In October 2008, Republic LLC assigned its working interest in the well to Republic Petroleum Partners LP;  at that point, although Republic LLC continued to be the operator under the PHA, it was no longer a working interest owner.   Republic LLC continued to be the operator under the operating agreement until July 2010.

The evidence at trial showed that the equipment on the platform was old and in disrepair, and that the platform owners overcharged Republic LLC for repairs to the platform's processing equipment.   By the summer of 2008, the separator equipment on the platform did not work properly.   Shut-ins and downtime occurred frequently, halting production.   The platform owners gave their 90–day notice of intent to terminate the contract in the spring of 2009, and they did not perform any further maintenance on the equipment from that point forward.

Republic LLC sued the platform owners for breach of the PHA, seeking reimbursement for overcharges and excessive billings during the period that it was the designated operator acting on behalf of the working interest owners.   The jury heard testimony from Scott Stanford, president of Republic Petroleum Partners, LP and president and managing partner of Republic Petroleum, LLC. Republic LLC is the general partner authorized to act on behalf of Republic LP. Republic LLC also introduced into evidence records of the invoices and the payments that it had made to the platform owners relevant to the activities under the PHA. Stanford also testified that Republic LLC was the well's designated operator for federal reporting and compliance purposes.

The platform owners challenged this evidence with evidence regarding Republic LLC's lack of working interest ownership, and at a minimum, they sought to limit the damages to Republic LP's working interest share.

The jury found that the platform owners had breached the PHA, and further found that Republic LLC was entitled to recover $741,235 in compensatory damages for “repairs” and “costs paid by Republic LLC.” The jury found that Republic LLC did not sustain any damages under the PHA for loss of production, or for damage to the well reservoir or a platform reconnection.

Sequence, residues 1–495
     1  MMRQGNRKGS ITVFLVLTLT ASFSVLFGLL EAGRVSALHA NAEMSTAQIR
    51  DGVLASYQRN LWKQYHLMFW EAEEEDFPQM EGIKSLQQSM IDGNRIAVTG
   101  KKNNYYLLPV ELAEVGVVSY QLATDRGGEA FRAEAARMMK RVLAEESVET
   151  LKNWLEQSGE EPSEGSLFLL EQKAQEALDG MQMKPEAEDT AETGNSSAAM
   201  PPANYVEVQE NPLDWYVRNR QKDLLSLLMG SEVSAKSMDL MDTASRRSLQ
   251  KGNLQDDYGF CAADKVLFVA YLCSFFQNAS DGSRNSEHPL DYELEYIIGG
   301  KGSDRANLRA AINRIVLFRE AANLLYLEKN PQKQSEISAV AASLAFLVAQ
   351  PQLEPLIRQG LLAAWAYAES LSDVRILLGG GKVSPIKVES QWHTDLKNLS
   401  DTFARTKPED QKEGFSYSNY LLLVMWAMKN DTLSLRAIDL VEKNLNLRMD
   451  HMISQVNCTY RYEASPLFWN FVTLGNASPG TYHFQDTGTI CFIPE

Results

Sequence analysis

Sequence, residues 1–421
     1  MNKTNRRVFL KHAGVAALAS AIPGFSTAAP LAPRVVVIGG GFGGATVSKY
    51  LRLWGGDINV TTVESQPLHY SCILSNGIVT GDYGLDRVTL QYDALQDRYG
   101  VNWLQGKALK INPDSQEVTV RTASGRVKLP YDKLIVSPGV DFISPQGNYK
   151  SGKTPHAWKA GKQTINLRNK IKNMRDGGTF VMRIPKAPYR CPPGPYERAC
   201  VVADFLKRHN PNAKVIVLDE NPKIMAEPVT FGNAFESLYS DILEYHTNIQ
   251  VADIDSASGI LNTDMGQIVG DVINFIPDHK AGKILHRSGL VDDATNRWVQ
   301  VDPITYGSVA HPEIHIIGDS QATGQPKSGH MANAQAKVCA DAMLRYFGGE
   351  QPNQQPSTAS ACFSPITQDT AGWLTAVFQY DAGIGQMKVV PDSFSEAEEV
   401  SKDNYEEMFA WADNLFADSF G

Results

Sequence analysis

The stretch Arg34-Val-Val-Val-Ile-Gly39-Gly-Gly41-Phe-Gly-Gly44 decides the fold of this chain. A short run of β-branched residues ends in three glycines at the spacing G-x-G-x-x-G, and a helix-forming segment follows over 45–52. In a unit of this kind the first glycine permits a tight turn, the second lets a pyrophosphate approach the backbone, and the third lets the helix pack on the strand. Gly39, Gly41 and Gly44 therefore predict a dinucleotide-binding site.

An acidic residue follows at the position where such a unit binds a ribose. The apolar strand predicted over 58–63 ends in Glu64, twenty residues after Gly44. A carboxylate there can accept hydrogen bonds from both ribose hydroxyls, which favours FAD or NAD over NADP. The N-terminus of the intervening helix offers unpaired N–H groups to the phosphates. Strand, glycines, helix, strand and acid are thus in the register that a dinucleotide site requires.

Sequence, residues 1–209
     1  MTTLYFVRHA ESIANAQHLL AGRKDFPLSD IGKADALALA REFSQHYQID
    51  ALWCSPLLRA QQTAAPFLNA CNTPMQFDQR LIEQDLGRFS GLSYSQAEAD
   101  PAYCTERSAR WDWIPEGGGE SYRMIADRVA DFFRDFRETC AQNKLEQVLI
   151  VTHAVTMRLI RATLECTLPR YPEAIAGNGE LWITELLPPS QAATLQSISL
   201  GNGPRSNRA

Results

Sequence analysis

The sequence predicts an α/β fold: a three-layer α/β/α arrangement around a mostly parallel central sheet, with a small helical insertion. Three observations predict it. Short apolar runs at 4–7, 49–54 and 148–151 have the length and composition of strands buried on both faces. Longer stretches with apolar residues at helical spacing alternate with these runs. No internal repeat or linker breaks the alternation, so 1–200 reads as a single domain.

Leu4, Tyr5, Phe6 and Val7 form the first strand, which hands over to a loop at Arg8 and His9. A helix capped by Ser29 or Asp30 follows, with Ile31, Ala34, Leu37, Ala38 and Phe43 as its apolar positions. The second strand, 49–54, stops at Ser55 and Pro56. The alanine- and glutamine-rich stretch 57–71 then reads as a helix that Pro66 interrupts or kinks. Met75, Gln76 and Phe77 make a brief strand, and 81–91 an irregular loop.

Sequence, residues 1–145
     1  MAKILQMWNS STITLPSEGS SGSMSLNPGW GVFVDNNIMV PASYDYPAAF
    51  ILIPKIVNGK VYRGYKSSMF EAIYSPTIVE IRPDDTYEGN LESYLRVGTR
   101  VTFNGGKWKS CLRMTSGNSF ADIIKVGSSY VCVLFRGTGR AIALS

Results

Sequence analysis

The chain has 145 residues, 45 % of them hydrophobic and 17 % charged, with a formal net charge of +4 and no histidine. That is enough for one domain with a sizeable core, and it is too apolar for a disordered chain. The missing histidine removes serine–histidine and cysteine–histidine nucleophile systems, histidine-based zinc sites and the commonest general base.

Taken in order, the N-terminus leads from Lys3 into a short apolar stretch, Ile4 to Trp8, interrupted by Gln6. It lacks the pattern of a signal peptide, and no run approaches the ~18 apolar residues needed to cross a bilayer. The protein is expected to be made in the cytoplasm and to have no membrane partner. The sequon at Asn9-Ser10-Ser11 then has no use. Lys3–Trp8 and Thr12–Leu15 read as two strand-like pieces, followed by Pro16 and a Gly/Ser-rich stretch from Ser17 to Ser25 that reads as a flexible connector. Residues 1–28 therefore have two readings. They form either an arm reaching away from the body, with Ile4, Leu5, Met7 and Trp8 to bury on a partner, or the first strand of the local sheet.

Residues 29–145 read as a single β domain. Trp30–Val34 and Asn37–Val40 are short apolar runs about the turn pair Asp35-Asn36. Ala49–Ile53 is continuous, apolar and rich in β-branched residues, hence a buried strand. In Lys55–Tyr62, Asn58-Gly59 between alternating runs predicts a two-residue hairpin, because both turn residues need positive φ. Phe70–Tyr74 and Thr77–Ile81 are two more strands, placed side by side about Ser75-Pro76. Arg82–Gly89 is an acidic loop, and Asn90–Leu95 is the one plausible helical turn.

The trial court held a post-verdict bench trial on Republic LLC's request for attorney's fees.   It found that Republic LLC had incurred $665,640.37 in reasonable and necessary fees.   It entered a final judgment on the jury's verdict and its fee finding.

The platform owners moved for judgment notwithstanding the verdict, for new trial, for remittitur, and to modify the judgment, contending that Republic LLC lacked standing or capacity to bring suit under the PHA, claiming that Republic LLC had transferred its working interest in the well before the platform owners had breached the agreement.   Alternatively, the platform owners contended that Republic LLC was limited to the percentage of damages that corresponded to the Republic entities' working interest in the well, because it had not timely identified itself as acting in a representative capacity on behalf of the working interest owners.   Although Republic LLC is the designated operator of the producing well under the PHA, the platform owners pointed to evidence admitted at trial establishing that Republic LLC had transferred its working interest in the well to Republic LP and two other owners.

The trial court denied the platform owners' motions for jnov, new trial, and remittitur but granted their motion to modify the judgment.   The modified final judgment reduced the damages to 23.75% of the jury award and reduced the fee award to 26.29% of the amount awarded at the bench trial.   The damages reduction was proportionate to the Republic entities' existing working interest in the well, and the reduction of the attorney's-fee award appears based on the same consideration.

Discussion

 Standard of review and preservation of error